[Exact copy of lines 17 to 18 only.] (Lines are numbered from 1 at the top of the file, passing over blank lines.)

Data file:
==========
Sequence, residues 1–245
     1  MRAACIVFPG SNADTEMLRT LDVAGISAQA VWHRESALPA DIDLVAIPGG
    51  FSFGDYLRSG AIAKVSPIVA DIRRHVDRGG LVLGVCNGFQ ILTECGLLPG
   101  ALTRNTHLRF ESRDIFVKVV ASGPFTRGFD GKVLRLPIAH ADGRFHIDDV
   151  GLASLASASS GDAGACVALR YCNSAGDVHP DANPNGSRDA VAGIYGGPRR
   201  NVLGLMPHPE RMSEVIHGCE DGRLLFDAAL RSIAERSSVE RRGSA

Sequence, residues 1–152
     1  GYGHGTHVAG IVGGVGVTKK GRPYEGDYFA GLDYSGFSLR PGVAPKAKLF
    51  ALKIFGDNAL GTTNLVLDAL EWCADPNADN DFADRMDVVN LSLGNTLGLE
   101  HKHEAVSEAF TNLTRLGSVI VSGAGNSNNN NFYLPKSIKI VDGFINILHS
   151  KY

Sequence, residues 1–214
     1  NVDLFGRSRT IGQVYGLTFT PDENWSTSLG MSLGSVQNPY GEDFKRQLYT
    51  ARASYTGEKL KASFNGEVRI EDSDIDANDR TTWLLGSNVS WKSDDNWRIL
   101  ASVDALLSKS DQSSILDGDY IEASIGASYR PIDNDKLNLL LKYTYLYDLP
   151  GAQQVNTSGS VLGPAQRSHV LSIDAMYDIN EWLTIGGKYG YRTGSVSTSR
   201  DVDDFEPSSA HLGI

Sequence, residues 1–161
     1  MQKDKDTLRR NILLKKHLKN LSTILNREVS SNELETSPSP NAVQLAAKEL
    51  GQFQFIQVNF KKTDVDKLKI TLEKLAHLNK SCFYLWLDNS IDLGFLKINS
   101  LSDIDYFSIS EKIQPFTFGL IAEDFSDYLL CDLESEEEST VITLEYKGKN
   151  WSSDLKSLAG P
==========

   201  DVDDFEPSSA HLGI

Sequence, residues 1–161